Thursday, February 10, 2011

Soon, watch lectures on your smart phone

Soon, watch lectures on your smart phone
Published: Thursday, Feb 10, 2011, 18:04 IST By Yogita Rao Place: Mumbai Agency: DNA
Attending lectures in the classroom or via videoconferencing will be a thing of the past.
Students can now watch lectures ‘live’ on their smart phones. Experts at the Indian Institute of Technology-Bombay (IIT-B) have developed an automated application, which will allow students to watch lectures on their cellphones.
What distinguishes the application from other ones is the display. The application will allow students to focus on any part of the video with a clear resolution.
Called lec-to-mobile, the application has the potential to reform distance education programmes in the country. The application, developed by a professor and students of the electrical engineering department of the institute, will soon be patented. The project will be officially launched on a public domain in the days to come.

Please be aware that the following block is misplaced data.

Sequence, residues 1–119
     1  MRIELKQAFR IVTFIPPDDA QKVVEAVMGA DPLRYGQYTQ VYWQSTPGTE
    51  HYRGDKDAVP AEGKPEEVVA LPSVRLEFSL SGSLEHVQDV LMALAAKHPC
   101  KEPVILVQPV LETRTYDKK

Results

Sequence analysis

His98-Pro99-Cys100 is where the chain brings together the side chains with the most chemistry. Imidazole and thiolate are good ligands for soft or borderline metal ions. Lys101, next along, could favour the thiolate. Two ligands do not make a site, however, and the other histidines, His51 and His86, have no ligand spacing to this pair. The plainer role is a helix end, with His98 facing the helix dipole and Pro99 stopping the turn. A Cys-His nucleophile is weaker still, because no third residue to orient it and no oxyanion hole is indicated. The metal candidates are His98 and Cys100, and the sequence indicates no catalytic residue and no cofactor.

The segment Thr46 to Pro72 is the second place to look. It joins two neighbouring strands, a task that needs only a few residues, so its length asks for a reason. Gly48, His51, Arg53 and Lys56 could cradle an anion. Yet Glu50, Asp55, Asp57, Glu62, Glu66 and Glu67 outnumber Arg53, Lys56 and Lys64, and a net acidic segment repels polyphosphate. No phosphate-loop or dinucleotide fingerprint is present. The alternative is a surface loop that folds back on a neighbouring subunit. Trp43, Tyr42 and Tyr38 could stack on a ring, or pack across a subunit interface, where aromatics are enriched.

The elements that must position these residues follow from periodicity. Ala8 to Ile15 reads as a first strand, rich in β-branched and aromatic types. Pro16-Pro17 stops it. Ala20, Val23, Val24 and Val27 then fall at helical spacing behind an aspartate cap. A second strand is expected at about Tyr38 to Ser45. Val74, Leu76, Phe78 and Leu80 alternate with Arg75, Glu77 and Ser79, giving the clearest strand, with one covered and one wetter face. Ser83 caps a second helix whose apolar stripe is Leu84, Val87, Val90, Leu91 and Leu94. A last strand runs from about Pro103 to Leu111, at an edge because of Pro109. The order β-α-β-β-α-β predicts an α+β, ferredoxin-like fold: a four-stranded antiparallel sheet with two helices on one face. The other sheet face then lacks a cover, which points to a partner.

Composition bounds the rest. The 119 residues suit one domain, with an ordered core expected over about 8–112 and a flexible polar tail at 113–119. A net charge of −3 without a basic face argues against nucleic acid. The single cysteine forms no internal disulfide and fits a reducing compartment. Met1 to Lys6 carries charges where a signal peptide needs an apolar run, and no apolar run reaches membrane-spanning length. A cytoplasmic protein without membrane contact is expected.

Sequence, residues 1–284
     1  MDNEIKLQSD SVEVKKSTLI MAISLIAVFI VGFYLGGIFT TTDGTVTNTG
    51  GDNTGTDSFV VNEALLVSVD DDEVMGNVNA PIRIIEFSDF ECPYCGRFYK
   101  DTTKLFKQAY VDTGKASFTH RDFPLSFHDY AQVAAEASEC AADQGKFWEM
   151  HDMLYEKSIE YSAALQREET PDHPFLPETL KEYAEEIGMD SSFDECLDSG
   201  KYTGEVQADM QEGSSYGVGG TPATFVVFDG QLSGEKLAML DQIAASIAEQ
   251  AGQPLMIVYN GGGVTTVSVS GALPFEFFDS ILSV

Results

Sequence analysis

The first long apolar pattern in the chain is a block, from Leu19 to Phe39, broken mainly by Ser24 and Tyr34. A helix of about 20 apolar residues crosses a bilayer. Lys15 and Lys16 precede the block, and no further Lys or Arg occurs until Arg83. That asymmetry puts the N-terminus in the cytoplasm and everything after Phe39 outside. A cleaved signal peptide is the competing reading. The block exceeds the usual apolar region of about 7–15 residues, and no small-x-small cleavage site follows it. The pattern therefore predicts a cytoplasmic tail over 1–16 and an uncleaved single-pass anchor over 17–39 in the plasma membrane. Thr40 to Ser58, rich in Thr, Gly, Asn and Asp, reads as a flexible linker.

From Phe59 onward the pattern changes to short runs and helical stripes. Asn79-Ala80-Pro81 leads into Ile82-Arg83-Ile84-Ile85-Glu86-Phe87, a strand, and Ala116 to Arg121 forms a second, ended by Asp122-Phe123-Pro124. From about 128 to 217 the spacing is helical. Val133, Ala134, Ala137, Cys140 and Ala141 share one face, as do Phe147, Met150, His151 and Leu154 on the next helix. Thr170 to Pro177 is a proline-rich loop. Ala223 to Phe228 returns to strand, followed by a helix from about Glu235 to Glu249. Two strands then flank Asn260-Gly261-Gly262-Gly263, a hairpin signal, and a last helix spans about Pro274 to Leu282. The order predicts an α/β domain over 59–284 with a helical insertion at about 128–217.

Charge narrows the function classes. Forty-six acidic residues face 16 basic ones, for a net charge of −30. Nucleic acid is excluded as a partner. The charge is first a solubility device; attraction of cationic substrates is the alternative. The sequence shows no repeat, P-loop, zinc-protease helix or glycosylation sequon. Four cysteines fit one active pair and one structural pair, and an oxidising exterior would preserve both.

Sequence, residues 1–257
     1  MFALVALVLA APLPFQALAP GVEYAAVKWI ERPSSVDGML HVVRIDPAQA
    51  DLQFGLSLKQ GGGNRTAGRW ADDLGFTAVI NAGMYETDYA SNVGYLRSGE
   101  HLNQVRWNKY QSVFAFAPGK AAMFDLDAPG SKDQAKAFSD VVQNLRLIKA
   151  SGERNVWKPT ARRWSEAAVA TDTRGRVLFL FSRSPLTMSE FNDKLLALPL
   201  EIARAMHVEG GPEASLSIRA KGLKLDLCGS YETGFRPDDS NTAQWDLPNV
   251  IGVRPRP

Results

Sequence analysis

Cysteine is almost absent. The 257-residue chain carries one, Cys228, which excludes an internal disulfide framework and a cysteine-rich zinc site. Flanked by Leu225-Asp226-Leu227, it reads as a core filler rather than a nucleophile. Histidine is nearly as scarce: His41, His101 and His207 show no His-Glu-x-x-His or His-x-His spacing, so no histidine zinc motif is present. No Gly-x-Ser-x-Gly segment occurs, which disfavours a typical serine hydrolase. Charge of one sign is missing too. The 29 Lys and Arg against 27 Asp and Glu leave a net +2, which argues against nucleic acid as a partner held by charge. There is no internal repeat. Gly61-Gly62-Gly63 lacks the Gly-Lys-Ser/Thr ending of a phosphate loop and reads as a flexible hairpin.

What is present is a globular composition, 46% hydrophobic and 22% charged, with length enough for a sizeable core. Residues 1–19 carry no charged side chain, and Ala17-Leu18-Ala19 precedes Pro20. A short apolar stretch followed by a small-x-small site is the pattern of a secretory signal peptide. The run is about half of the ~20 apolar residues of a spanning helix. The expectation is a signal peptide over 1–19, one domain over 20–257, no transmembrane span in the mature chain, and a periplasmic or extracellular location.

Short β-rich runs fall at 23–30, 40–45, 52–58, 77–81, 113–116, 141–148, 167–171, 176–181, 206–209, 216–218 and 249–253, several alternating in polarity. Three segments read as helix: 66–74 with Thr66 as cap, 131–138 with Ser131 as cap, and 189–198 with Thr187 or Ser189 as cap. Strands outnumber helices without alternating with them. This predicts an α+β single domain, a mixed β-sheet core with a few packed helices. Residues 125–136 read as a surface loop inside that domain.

“Lec-to-mobile is completely automated. It allows students to download any lecture. It could be a lecture going on or an earlier one. The students will be able to ‘attend’ the lecture as per the required resolution. The cursor will automatically move on the writing board and will also zoom in and out whenever required. They will be able to experience a live classroom on their cellphones,” professor Subhasis Chaudhuri, the inventor of the application, told DNA.
At present, the application can be used on Android phones. However, it would soon be made available on windows application on cellphones as well. The beta version would be available for free initially, said Chaudhuri. “Distance education itself is a big sector now. Accessing lectures on the phone can help the sector in several ways,” he said.
Lec-to-mobile will offer lectures only by those professors who are willing to upload them. The application would also provide lectures by companies who are providers of such sessions.
“It is the same format used by television channels. The shows are created and developed by a production house and then are taken by the channels. Lecture companies or institutes can exploit the application in many ways,” Chaudhuri said.
“The idea is to make use of the limited amount of space that we have on cellphones,” explained Rangan Banerjee, dean, research and development, IIT-B.
“The team from the electrical engineering department has worked on the aspect of video resolution of the lectures. They are planning to put up the demo version on the public domain soon. The professor also has some patents on his name already.”
Source: DNA dated 10/02/2011

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